This is the text of this morning's Thought for the Day on BBC Radio 4's Today programme:

Prince Charles in Ireland

Prince Charles's speeches in Ireland this week have been profoundly moving. It seems to me that he did three things.

Firstly, he identified with the suffering of Ireland over centuries and, particularly, more recently. He said simply that the island of Ireland “has had more than its fair share of turbulence and troubles.” Secondly, he set his own personal suffering in the context of a complex mix of politics, economics, tribalism and nationalisms. And, thirdly, he recognised the reality of pain and grief – borne by so many – whilst opening up the possibility of what an American theologian calls “newness after loss”.

The murder of Lord Mountbatten in 1979 struck to the heart of the British establishment, but for those involved in the bereavement, it was always more than a political matter. As Prince Charles put it: “It seemed as if the foundations of all that we held dear in life had been torn apart irreparably.” He had already spoken of the “anguish of such deep loss.”

This is the conundrum, isn't it? The political and the global collide with the individual and the private. Which is how grief always works – often biting through the veneers of self-sufficiency we paint on to the scars of bereavement and helplessness, and awakening the pain of personal loss in the face of a community's need to move on.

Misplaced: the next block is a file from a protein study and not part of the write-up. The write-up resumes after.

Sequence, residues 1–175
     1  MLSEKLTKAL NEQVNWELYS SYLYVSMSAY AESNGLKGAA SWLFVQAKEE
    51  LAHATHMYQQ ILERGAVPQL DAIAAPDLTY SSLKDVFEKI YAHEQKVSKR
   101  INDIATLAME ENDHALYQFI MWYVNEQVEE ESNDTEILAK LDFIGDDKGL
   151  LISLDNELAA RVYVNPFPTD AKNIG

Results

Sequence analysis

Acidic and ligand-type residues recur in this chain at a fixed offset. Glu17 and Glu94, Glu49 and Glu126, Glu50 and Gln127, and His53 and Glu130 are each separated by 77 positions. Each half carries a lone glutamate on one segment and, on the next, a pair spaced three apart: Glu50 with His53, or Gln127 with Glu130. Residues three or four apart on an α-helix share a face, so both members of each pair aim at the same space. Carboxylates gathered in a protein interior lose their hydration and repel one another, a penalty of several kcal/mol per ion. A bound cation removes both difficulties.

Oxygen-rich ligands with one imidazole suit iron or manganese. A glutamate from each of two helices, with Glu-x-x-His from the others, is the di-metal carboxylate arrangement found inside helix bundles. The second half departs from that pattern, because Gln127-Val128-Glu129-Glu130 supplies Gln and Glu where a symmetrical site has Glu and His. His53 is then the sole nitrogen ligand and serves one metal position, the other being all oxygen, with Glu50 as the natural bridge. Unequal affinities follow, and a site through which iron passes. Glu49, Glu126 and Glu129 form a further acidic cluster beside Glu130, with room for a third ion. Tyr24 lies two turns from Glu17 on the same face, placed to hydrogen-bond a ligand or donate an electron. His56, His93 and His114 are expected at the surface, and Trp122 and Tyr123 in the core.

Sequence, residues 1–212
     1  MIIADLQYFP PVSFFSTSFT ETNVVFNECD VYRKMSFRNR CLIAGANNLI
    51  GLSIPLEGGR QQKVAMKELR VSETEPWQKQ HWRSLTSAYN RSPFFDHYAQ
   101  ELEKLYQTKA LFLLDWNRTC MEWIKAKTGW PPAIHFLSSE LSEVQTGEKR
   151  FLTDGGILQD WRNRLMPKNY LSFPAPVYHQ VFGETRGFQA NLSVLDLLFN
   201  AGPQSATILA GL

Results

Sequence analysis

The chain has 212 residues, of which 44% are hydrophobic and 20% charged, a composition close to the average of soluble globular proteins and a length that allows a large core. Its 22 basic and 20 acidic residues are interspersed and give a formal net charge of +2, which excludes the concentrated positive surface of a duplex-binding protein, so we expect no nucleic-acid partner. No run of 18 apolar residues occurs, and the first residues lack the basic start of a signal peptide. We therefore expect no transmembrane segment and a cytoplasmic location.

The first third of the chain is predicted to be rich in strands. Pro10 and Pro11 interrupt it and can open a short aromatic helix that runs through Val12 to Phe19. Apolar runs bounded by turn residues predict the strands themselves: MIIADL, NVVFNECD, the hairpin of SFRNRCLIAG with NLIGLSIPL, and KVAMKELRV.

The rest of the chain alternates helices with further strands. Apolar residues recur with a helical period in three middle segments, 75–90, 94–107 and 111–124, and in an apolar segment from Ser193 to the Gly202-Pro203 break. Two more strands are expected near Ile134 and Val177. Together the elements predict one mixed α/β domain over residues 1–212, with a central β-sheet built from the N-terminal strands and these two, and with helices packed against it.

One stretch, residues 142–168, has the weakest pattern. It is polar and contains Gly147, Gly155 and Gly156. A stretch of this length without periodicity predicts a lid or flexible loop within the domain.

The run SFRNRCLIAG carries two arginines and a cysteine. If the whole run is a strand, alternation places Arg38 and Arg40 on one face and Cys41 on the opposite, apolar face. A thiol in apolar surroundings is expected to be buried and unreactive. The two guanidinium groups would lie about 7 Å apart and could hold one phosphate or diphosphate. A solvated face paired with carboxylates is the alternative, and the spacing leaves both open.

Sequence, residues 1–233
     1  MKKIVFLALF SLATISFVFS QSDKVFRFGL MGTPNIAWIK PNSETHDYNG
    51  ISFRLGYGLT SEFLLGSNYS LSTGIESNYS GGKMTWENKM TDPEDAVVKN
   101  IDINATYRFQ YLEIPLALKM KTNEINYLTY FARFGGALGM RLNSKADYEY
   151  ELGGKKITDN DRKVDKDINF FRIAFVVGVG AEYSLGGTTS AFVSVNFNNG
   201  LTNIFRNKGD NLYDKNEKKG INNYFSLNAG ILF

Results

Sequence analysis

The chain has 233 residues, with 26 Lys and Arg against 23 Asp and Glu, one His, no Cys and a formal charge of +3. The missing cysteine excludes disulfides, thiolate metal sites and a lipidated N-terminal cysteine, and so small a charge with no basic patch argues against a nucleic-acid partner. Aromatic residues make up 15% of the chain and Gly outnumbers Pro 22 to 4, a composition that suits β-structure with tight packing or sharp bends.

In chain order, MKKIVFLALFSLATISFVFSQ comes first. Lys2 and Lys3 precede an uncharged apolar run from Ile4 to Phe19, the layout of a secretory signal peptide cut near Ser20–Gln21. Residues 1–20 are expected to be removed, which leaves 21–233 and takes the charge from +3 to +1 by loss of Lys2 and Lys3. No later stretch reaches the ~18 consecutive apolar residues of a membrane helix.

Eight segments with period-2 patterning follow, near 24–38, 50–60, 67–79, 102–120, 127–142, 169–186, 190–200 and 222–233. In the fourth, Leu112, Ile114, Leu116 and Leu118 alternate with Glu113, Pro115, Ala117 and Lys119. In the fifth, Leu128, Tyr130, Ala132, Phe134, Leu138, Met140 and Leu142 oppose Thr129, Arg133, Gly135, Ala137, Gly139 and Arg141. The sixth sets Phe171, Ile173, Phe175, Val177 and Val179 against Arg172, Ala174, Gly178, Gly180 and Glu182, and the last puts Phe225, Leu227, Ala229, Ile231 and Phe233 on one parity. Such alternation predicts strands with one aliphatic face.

I think what the events of this week suggest is that the only way to tackle grief and the rage of injustice is for us to face those who were a part of it. In the famous Yad Vashem memorial to the Warsaw Uprising during World War Two one of the bronze reliefs depicts the Nazi guards without faces – apparently because to have given them faces would have meant humanising them. But, I thought that was actually the point. It was human beings – with faces and stories and families and hopes and dreams and regrets – who caused unimaginable pain to people who could not defend themselves. It is what we are seeing in Syria and Iraq as IS target innocent people with extreme violence and inhumane brutality.

What Tuesday's meeting demonstrated – backing up words with handshakes – was that violence and death do not have to have the final word. Realistic forgiveness – however long it takes and however immense the personal or communal cost – opens the door for all parties to be set free for a future that looked closed. Which is why, in the Lord's Prayer, any expectation of forgiveness by God is inextricably linked to my forgiving those who have grieved me.

Reconciliation is not easy and is never cost-free. The German martyr Dietrich Bonhoeffer cried against notions of what he called “cheap grace”. But, it is in the cost of looking a person in the eye that freedom is secured – freedom to live again.